Clashes have erupted between Egyptian security forces and protesters who took to the streets to denounce heavy sentences handed down to a group of 21 women and girls for holding a peaceful protest earlier this month.
Thursday’s unrest in front of Cairo University in the capital left one person dead, medical sources said.
Those thinking the authoritarian pharaonic style works will find it doesn't anymore. There will be a third wave of the revolution much more violent than before. We are witnessing a turning point.
The convicted protesters, who are supporters of ousted president Mohamed Morsi, received 11-year prison sentences for forming a human chain and passing out flyers in the city of Alexandria. The youngest member of the group is 15-years-old.
Images from the Alexandria courtroom where they were sentenced on Wednesday showed the group, wearing white headscarves and prison uniforms, handcuffed in the defendants’ cage.
Human rights organisations have also heavily critcised the ruling, saying it marks a bolder resolve by the military-backed government to stifle dissent.
Egypt’s army-backed government passed a law earlier this week that restricts demonstrations.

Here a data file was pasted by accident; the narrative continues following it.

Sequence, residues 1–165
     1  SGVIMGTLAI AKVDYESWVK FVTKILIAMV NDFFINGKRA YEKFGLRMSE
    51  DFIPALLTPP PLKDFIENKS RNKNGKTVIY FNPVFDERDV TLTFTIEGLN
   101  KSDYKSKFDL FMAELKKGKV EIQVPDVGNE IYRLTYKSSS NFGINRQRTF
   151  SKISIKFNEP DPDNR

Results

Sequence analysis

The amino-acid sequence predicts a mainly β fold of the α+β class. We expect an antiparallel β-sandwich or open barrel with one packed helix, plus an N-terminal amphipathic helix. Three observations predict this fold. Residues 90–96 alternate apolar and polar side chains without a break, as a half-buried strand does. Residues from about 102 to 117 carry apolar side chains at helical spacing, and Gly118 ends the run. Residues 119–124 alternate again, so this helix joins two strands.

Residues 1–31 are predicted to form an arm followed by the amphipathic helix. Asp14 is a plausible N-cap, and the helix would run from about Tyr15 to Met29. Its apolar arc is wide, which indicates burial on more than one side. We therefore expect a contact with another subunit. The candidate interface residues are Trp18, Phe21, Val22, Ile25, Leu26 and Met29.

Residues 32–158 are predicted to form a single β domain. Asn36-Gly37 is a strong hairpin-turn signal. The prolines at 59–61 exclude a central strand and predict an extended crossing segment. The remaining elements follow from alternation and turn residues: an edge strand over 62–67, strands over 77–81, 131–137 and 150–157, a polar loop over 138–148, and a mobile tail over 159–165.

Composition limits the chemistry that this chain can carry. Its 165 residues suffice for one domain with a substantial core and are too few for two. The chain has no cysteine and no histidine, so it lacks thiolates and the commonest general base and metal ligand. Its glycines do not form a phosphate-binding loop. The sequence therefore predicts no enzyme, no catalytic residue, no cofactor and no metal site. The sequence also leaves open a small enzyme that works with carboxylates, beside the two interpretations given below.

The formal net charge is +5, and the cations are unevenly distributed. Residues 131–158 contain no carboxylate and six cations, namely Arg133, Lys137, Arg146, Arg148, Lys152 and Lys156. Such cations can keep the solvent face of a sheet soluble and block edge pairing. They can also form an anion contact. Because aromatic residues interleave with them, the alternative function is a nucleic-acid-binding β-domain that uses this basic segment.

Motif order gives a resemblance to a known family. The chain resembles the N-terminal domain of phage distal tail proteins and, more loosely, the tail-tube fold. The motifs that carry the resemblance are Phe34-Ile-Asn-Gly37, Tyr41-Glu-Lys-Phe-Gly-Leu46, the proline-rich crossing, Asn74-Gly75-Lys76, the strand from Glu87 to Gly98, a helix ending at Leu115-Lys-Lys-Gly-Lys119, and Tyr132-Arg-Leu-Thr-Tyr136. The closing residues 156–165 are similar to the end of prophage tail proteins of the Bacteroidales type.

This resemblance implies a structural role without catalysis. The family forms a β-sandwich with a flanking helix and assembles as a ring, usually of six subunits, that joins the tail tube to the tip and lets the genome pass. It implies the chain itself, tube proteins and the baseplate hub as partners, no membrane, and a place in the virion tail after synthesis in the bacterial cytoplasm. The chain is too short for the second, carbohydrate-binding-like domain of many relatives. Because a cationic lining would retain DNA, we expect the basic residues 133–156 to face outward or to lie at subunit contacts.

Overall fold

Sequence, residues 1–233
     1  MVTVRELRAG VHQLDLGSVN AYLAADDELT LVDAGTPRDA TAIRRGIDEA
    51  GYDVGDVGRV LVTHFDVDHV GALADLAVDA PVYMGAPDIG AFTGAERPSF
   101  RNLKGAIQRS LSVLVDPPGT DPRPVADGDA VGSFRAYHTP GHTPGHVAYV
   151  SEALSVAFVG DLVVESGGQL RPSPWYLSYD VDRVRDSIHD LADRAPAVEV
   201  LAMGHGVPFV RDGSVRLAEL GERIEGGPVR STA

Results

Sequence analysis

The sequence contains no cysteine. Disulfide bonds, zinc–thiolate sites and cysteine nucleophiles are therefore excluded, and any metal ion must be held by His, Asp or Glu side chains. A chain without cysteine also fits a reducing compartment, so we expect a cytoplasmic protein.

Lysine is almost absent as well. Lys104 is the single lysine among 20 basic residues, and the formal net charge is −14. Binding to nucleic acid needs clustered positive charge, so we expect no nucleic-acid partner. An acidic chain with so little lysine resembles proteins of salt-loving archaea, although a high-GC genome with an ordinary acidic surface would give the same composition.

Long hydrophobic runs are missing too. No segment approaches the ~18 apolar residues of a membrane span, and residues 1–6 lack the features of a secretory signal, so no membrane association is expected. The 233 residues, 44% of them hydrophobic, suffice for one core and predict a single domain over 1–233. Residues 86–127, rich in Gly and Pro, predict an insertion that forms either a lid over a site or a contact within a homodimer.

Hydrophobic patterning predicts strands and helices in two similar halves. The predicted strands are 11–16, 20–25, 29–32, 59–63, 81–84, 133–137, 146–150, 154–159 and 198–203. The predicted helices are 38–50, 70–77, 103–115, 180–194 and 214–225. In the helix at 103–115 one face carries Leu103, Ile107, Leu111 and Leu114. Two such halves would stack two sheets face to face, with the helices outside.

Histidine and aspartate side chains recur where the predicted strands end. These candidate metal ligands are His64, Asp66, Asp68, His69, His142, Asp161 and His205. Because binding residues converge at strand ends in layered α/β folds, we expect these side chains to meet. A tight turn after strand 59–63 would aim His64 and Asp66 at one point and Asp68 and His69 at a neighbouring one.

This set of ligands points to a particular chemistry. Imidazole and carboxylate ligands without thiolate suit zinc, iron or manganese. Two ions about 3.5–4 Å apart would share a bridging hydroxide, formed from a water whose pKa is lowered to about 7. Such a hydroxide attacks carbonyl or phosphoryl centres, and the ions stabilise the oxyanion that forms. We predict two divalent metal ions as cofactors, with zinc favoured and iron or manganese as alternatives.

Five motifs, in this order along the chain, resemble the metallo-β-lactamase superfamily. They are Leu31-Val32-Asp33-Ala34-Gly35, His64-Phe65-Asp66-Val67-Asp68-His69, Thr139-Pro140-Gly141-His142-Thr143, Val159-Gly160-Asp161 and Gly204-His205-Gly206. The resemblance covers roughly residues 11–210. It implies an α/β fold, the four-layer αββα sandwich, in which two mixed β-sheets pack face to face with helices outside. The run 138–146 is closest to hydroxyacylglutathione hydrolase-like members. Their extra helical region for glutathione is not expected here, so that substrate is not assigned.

“There has been an uproar and I have to say that uproar is across the board. Many Egyptians looked at these girls, all dressed in white, sitting in a criminal cage, and looking so young,” Al Jazeera’s Hoda Abdel-Hamid, reporting from Cairo, said.
“They were sentenced for obstructing traffic, for possessing illegal tools that could harm other citizens, for thuggery and for other minor crimes that certainly don’t deserve such a hard sentence, and have many people here [wondering] where the country is heading and how far this will go.”
The new law bans public protests or political gatherings of more than ten people organised without a permit from Egyptian authorities. The government plans to impose steep fines and jail terms for violators.
‘A necessary step’
The country’s interim prime minister defended the new law as a “necessary step” on Wednesday.
But hundreds of protesters opposed to both Morsi and the government gathered Cairo for a rally against the law.
“Those thinking the authoritarian pharaonic style works will find it doesn’t anymore,” said protester Laila Soueif. “There will be a third wave of the revolution much more violent than before. We are witnessing a turning point.”
Egyptian activist Yasmin Refaei described the arrests as a “tactic by the state to discourage and scare women away from protests”.
The controversial law comes ahead of an election season that will include a referendum on amendments to the Morsi-era constitution.